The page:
Whatever reservations Bachauer might have had about the longstanding value of recording, her discography continues to be admired by music lovers and critics the world over for the pianist’s unique blend of musical intelligence and technical brilliance. Her venerated Mercury ‘Living Presence’ discs were set down in New York and London between 1962 and 1964, after she had produced about a dozen albums for HMV between 1949 and 1959 and prior to a final 1973 LP for Erato. While it would have been a full-time job to secure Bachauer’s enormous repertoire on disc, these lionized Mercury recordings – as admirable for their remarkable sound quality as for the pianist’s captivating interpretations – preserve for posterity some of the solo and concerted works for which she was most celebrated in the concert hall.
Bachauer’s heroic performance of Beethoven’s Emperor Concerto showcases her full-bodied pianism, though Robert C Marsh’s High Fidelity review began with the rather dated assertion that “it is rare for a woman pianist to record this work.” He did, however, acknowledge that her playing made one “forget about the supposed limitations of the weaker sex” (somewhat backhanded praise with that archaic expression) and he commended the reading as “full scale with the kind of strong, secure projection that marks an exceptional artist.” The UK’s Gramophone was less equivocal in their review, finding Bachauer’s account “really outstanding, both technically and interpretatively,” and concluding that “it is this sheer character of the performance that lifts it right out of run-of-the-mill records of this concerto.”
Esteemed critic Harris Goldsmith in High Fidelity lauded Bachauer’s Brahms B-Flat Major Concerto as one of the finest he’d ever heard (another being Myra Hess in concert in New York), noting that the Greek artist surmounted the composer’s own proclamation that the work was “not for little girls” because she herself was more of an Amazon. While Goldsmith observed that Bachauer could at times be “reckless,” he nevertheless found this traversal to be “a performance of immense assurance and propulsive vitality” and that “the musical conception is grandly sonorous, with both drama and response in abundance when those qualities are called for.” He made special mention that the “uncommonly fine orchestral support” of Stanislaw Skrowaczewski and the London Symphony Orchestra added extra allure to this “sober, mature interpretation.”
Goldsmith was less enamoured with the Chopin F Minor Concerto Op.21 and Fantasy in F Minor Op.49, observing that Bachauer played “efficiently” but lacked flexibility in the Concerto while calling her Fantasy a “sturdy, monolithic performance.” If her rhythm is at times a bit less fluid than one might desire, present-day listeners will surely still admire these vigorous, red-blooded accounts – as well as her E Minor Concerto Op.11 – for their vivaciousness, beautiful nuancing, and exquisite colours.
Marsh’s High Fidelity review of Bachauer’s Beethoven’s G Major Concerto was similarly framed as his take of her Emperor: “a lady’s interpretation of the score” which itself he claimed musicians called “the ladies’ concerto.” He nevertheless observed that “the surface polish is very high, the technique is hardly to be faulted, the runs are silken, and every note shines as if it had a little Italian light bulb inside.” If he found elements of her reading lacking, he was more laudatory in his assessment of the Sonata No.9 in E Major Op.14 No.1, finding it preferable to Richter’s issued Carnegie Hall account and noting that the only real competition came from the great Walter Gieseking.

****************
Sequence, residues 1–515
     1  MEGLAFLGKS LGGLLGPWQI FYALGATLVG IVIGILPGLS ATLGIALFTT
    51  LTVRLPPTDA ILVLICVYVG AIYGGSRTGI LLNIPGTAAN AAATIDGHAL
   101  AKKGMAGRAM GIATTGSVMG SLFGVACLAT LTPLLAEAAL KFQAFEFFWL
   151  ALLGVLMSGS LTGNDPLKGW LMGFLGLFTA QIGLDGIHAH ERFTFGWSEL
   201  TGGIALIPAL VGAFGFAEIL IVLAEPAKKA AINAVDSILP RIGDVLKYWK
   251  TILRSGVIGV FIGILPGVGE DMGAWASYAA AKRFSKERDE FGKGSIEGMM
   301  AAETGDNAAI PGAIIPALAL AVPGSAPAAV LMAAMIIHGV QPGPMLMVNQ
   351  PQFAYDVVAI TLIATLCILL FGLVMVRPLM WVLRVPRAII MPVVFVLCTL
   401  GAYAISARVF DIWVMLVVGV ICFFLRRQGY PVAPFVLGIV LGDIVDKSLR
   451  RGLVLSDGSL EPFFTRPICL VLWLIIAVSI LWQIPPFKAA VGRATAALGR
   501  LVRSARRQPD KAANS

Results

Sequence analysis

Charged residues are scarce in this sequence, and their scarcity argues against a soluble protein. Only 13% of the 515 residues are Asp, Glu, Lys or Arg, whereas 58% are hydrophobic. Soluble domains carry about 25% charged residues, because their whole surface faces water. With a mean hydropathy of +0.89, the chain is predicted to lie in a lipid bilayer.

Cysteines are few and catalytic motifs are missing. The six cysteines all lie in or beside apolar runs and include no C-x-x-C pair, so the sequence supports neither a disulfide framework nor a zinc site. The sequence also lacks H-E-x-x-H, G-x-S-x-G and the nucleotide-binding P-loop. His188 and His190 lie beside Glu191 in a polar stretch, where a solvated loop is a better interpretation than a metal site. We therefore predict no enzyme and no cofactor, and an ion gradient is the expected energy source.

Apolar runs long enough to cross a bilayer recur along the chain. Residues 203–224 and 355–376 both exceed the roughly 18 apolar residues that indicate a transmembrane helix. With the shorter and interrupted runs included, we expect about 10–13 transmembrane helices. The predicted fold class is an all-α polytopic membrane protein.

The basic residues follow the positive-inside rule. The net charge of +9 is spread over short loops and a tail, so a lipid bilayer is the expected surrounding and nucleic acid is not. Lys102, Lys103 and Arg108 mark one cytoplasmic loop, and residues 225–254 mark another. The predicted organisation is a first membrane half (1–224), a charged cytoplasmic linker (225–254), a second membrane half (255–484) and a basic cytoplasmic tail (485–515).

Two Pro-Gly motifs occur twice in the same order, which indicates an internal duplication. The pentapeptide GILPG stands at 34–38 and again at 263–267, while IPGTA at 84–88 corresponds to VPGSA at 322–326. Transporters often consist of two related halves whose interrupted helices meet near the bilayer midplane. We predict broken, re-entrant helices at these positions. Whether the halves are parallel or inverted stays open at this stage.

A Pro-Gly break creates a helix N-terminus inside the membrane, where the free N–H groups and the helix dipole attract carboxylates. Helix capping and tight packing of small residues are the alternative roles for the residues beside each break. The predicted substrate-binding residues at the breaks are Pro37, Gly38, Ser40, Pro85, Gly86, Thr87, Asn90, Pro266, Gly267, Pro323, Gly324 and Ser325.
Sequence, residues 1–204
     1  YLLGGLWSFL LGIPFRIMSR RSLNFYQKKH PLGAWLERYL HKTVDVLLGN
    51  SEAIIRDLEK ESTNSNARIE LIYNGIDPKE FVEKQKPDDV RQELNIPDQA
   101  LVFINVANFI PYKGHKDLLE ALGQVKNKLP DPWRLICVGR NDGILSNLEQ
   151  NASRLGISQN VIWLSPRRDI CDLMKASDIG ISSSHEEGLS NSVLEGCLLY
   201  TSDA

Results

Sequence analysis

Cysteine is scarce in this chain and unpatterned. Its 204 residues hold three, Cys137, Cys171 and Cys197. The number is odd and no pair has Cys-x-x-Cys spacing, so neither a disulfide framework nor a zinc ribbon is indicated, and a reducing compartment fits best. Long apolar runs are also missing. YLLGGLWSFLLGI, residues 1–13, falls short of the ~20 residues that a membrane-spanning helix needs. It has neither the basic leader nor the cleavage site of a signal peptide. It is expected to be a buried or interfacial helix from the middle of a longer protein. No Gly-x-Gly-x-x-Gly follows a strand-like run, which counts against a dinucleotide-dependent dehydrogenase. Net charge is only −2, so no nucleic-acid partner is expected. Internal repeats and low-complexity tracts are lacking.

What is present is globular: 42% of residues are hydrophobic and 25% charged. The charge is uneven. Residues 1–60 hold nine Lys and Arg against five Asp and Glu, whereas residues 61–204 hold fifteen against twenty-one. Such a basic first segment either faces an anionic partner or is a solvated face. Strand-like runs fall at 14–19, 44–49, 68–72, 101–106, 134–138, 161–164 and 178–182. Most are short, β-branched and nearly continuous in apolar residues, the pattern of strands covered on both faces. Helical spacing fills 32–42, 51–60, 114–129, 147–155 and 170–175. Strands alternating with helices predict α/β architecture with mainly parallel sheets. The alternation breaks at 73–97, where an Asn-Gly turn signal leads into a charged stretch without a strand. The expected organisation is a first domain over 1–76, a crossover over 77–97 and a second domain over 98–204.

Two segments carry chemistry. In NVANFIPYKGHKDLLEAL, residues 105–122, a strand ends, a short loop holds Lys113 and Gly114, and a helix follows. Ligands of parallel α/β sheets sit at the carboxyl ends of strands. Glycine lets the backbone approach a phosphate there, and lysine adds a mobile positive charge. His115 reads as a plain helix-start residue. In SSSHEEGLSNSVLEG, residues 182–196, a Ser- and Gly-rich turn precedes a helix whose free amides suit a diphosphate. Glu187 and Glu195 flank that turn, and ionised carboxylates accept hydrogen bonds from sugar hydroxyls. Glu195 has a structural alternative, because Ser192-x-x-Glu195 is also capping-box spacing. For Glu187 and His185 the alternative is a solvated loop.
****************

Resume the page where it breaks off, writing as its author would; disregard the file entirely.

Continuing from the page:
Bachauer’s solo album entitled “Queen of the Keyboard” (no doubt inspired by Sol Hurok’s marketing) features warhorses like Chopin’s A-Flat Major Polonaise Op.53 and Liszt’s Rhapsody No.12 alongside two of the piano repertoire’s most demanding works, the Brahms Paganini Variations (2nd book) and Stravinsky Three Movements from Petrouchka. It seems that the latter was the result of several complete takes made in a strenuous session, and when the delighted Mercury director Harold Lawrence exclaimed, “Gina, you are marvellous!” Bachauer shot back, “I am dead. Let us get on with this catastrophe!” The self-critical artist need not have worried: her playing is beyond reproach in all respects, Raymond Ericson in the New York Times noting that “the music streaks out from Miss Bachauer’s fingers with a speed and ease that is hard to believe” and recommending the album to “anyone who enjoys the legitimate and musical display of a prodigious keyboard technique,” while Goldsmith in High Fidelity was won over by the “forthright energy of her pianism.”
French impressionist music was an ideal vehicle for Bachauer’s commanding dexterity and refined effects, her Debussy exhibiting what William Flanagan in HiFi Stereo Review termed “extravagant mystery and ravishing colouring.” The pinnacle of her Mercury discs may be her account of Gaspard de la Nuit, with the legendary actor John Gielgud reciting the poems by Aloysius Bertrand that had inspired the three works in Ravel’s masterpiece. The suite was a mainstay in the pianist’s repertoire, singled out by Schonberg at Bachauer’s New York debut as “the outstanding achievement of an evening on an altogether Alpine level.” Flanagan praised this Mercury recording for its “fine sense of the work’s big line” in what he called “an impressively personal reading,” while High Fidelity’s review observed that Bachauer’s “control over keyboard colour and rhythmic outline is truly remarkable.”
An enduring presence
Gina Bachauer’s legacy continues to evoke respect, her steadfast devotion to her profession continuing to elicit the same from others. Schonberg articulated to perfection the towering artist’s everlasting position in the pianistic pantheon when he wrote, “Governments rise and fall, and the seasons change, but Miss Bachauer’s playing remains a constant. She represents the romantic tradition in piano playing – with her enormous technique, her big and penetrating tone, her love for the piano as a steed upon which to ride…Gina Bachauer continues to be one of the great pianists.” Her esteemed Mercury recordings allow her cultivated artistry to continue to inspire music lovers of all generations.